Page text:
Rock Island Mayor Mike Thoms hopes to make another major life change in 2022, by seeking the open 36th District Illinois State Senate seat.

The 62-year-old Rock Island native announced his candidacy Thursday morning, with current state Sen. Neil Anderson (R-Andalusia), who will run for the newly redrawn 47th District seat. The open 36th District seat was created by Democratic redistricting that left Anderson drawn out of the district by less than a mile.

“It’s been my honor for the last two terms to represent the 36th District,” he said Thursday at the Moline Bass Street YMCA and boathouse. “During the re-map year we go through every 10 years, the majority party decided to do a little more gerrymandering, which is why I’m not running again. They districted me out of the 36th District by about half a mile.”

“They couldn’t beat me, so they decided to draw me out, but what they didn’t realize is – we have somebody ready to take over and represent the 36th District in a big way,” Anderson said.

Thoms has “done a great job as mayor, and before mayor, he’s done a great job working in the community, doing his philanthropic work,” he said. “He’s going to be a great asset to the Senate Republican caucus.”

Anderson noted it takes a special temperament to be a conservative, representing a Democratic-leaning district like the 36th.

“Mike has that temperament. He is good at working with both sides of the aisle, bringing people together,” he said. Anderson said it comes down to working hard, meeting and talking with people, and finding a lot of commonality among Democrats and Republicans.

“You just actually have conversations, rather than having debates,” he said. Another Rock Island Mike — State Rep. Mike Halpin (D-Rock Island) has also announced his candidacy for the Illinois 36th District Senate seat.

State Sen. Neil Anderson (R-Andalusia) speaking in support of Mike Thoms (right) on Thursday, Oct. 14, 2021, in Moline (photo by Jonathan Turner).

“I am extremely enthusiastic about Mike Thoms running for the Illinois State Senate,” Anderson said. “Mike has the right temperament for public service. He’s got a proven bipartisan record as the leader of Rock Island, and his record reflects results. He gets it done for the people he represents by working with everyone involved, treating people with respect, and most importantly, listening more than he talks.”

Thoms — mayor of Rock Island since 2017 — is a fourth-generation resident of Rock Island, where he worked his way up over 29 years at the family business, Thoms-Proestler Company. Mike started as a dockworker and advanced to inventory control, buyer, warehouse manager, vice president of operation, and finally to Chief Operation Officer.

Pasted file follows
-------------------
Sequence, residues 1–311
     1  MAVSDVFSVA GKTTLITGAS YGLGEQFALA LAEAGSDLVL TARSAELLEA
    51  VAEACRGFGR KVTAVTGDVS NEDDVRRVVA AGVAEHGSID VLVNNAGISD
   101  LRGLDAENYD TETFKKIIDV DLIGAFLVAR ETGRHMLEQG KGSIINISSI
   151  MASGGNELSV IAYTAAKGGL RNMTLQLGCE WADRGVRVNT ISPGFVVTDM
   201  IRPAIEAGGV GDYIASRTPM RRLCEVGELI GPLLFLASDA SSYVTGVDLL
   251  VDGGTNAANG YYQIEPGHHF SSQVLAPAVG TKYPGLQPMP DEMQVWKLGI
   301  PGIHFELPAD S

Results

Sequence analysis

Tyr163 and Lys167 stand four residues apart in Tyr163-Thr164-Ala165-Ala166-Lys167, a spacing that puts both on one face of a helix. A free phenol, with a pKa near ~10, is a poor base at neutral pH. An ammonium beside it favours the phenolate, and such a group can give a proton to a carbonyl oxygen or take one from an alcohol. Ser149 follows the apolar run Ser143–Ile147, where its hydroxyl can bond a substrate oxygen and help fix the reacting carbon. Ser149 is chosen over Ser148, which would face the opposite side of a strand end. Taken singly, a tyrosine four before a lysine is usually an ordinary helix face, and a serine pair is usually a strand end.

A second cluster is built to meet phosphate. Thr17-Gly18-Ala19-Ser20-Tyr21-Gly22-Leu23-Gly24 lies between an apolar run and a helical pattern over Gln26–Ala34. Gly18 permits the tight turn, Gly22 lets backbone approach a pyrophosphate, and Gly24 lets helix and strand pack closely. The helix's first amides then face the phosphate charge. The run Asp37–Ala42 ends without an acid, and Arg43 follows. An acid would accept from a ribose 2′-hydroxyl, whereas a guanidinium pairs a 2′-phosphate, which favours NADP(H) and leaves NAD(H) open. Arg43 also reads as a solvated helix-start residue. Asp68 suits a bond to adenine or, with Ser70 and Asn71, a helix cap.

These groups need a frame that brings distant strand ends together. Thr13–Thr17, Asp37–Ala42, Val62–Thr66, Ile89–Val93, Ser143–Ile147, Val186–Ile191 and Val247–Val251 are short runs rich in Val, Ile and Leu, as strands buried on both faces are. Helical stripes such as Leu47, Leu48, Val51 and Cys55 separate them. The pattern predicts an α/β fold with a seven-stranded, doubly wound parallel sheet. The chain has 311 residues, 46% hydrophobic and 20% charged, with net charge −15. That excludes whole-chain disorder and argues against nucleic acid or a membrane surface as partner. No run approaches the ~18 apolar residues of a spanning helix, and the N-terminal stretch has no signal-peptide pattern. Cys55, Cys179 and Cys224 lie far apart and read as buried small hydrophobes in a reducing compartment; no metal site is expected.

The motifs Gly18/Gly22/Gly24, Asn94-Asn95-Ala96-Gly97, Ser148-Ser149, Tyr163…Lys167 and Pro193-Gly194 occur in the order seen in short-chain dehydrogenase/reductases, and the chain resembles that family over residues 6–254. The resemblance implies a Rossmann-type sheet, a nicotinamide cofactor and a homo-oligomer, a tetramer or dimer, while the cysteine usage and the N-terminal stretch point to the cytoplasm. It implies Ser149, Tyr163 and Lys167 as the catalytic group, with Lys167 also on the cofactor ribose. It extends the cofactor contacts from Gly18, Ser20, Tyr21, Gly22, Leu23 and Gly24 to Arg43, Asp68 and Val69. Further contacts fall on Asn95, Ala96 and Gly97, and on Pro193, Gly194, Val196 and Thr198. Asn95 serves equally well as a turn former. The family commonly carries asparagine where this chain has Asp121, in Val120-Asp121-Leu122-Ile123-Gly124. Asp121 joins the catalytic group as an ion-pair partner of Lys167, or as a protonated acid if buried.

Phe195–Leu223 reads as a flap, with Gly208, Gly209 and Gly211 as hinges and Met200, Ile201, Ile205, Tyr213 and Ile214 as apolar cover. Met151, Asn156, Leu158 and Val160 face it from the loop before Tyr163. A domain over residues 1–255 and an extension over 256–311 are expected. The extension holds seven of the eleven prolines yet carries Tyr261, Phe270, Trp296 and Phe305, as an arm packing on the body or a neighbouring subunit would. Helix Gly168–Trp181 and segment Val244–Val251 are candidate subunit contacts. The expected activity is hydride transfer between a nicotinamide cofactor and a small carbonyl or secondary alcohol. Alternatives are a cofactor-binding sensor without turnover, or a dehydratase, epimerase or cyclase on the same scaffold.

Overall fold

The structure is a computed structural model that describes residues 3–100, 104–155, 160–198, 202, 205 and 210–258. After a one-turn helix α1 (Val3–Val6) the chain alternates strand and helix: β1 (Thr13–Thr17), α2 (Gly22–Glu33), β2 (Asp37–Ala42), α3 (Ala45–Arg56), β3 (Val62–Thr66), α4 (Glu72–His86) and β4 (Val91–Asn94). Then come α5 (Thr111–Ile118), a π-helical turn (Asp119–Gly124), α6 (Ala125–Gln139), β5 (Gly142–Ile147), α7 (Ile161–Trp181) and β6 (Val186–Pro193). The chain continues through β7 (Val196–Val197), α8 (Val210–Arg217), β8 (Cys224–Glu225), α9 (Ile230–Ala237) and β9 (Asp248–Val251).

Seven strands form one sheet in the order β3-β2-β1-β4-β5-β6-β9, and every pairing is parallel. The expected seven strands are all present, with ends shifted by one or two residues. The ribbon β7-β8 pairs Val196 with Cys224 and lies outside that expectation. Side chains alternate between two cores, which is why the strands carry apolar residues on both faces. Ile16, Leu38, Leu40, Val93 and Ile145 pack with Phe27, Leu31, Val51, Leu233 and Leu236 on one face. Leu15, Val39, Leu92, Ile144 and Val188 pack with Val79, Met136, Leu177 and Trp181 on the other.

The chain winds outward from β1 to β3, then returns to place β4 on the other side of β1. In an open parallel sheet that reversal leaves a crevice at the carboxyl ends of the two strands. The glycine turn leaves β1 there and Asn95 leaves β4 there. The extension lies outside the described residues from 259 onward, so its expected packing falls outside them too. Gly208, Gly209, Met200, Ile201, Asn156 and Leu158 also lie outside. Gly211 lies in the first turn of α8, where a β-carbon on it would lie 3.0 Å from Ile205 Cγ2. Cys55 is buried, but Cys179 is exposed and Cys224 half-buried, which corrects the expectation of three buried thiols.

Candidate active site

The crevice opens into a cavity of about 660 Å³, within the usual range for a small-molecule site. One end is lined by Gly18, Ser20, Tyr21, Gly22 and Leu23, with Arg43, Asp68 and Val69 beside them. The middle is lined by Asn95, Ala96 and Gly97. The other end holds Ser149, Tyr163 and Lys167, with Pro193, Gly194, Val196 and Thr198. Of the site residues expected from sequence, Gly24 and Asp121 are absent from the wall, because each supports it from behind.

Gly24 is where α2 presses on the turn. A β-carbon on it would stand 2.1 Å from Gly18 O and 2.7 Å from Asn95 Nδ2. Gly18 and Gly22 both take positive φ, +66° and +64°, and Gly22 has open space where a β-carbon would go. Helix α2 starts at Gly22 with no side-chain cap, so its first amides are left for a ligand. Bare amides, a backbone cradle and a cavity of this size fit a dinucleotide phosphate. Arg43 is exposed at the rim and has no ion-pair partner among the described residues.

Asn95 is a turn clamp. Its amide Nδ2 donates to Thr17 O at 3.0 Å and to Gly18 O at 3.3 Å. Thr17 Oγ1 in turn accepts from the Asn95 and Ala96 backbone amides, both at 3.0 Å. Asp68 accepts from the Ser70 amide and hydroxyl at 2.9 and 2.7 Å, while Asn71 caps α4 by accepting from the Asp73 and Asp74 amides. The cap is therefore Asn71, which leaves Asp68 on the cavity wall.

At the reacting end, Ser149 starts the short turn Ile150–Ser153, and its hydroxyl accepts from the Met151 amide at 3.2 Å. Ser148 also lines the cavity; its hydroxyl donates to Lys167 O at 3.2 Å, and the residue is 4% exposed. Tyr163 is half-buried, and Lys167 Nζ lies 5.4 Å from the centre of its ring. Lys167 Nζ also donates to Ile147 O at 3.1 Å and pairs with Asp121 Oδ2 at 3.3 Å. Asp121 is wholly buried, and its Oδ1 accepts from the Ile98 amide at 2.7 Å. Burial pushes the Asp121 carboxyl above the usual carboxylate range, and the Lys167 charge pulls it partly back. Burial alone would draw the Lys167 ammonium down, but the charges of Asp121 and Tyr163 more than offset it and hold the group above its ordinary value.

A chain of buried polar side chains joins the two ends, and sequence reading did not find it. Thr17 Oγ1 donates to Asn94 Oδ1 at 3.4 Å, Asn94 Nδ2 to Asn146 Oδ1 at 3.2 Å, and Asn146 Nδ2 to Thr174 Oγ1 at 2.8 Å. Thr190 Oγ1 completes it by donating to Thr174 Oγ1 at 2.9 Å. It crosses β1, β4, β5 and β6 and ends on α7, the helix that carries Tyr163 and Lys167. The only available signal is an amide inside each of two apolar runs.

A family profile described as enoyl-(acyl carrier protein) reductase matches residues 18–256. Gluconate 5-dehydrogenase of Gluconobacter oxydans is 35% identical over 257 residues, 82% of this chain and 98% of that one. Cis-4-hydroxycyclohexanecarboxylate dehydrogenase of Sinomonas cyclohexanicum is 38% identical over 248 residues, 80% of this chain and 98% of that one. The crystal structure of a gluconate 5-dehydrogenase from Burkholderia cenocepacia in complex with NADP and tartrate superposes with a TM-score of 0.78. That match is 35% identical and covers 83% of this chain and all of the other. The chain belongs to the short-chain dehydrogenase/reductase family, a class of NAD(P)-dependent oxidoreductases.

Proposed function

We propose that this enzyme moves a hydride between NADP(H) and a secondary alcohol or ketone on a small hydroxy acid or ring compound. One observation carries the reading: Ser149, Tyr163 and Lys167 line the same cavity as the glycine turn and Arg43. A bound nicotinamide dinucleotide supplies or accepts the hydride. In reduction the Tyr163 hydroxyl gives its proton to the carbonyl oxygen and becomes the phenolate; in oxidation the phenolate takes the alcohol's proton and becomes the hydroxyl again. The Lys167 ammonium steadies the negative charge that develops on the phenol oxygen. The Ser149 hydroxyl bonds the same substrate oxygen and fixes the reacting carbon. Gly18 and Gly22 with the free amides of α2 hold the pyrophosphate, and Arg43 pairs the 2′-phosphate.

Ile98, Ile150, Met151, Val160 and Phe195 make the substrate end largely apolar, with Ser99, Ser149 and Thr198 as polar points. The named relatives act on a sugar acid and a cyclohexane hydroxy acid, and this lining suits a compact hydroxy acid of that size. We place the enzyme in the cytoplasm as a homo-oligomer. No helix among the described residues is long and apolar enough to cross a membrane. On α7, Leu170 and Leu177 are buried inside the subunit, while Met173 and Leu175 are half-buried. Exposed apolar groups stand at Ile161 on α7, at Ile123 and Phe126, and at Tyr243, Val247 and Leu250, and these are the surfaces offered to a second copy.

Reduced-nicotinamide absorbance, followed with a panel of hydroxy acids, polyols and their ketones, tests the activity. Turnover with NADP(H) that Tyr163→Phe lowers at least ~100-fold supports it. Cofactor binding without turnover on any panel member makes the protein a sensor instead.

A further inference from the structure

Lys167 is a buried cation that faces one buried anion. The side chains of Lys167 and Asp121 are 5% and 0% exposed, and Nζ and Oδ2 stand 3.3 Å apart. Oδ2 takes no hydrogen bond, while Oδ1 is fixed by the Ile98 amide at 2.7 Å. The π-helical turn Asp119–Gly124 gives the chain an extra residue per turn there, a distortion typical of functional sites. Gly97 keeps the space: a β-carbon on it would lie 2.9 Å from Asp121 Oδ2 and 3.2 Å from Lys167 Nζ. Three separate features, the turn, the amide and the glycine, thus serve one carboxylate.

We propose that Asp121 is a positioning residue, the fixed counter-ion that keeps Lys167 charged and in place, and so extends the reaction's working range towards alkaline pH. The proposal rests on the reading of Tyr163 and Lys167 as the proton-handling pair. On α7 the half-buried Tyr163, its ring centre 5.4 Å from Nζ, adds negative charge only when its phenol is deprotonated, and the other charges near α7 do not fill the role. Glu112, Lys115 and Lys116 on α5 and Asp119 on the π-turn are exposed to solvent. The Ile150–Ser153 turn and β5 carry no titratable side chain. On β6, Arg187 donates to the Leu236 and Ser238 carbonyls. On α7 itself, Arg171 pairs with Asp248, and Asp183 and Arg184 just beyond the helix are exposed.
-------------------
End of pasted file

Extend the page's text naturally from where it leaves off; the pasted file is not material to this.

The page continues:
After he retired in 2005, Thoms started developing residential and commercial properties including a golf course (Fyre Lake), and sleeping rooms in airports (Minute Suites). He has also served on dozens of boards and committees to advance the region’s services and quality of life.

Mike and his wife Sara have been married for 41 years. They live in Rock Island, and have 3 adult children and 10 grandchildren.

At Thoms-Proestler Company, he learned every aspect of the business for 15 years, before he got into management. “I was fortunate at one time to work with three generations – my grandfather, my father and my brothers,” Thoms said Thursday. They sold the business in 2002, to Performance Food Group.

He said he’s running for Senate because of “jobs, jobs and more jobs.”

“Economic development is one of the biggest issues,” Thoms said. “Too many businesses are either not coming to Illinois or leaving Illinois, because of laws and policies that have been put in place.”

Focus on economic issues

He highlighted the key areas he believes matter to the voters of the 36th District, focusing on job growth, workforce development, and economic development.

“The Illinois economy needs stability,” he said. “We all know that Western Illinois thrives when we have a stable economy, a strong workforce and a safe community. If the next generation leaves, they aren’t coming back.

“We must strive to have a growing job outlook, a trained workforce, and a community with revered first responders,” Thoms said. “We have to make sure we’re doing all we can to preserve the values that make this a great place to live, work, build a business and raise a family.

“That’s why I am running and I’m asking people who support that notion, no matter what their political party is, to support me in June and again in November.”

Mike Thoms, 62, worked for his family business for 29 years and has been Rock Island mayor since 2017 (photo by Jonathan Turner).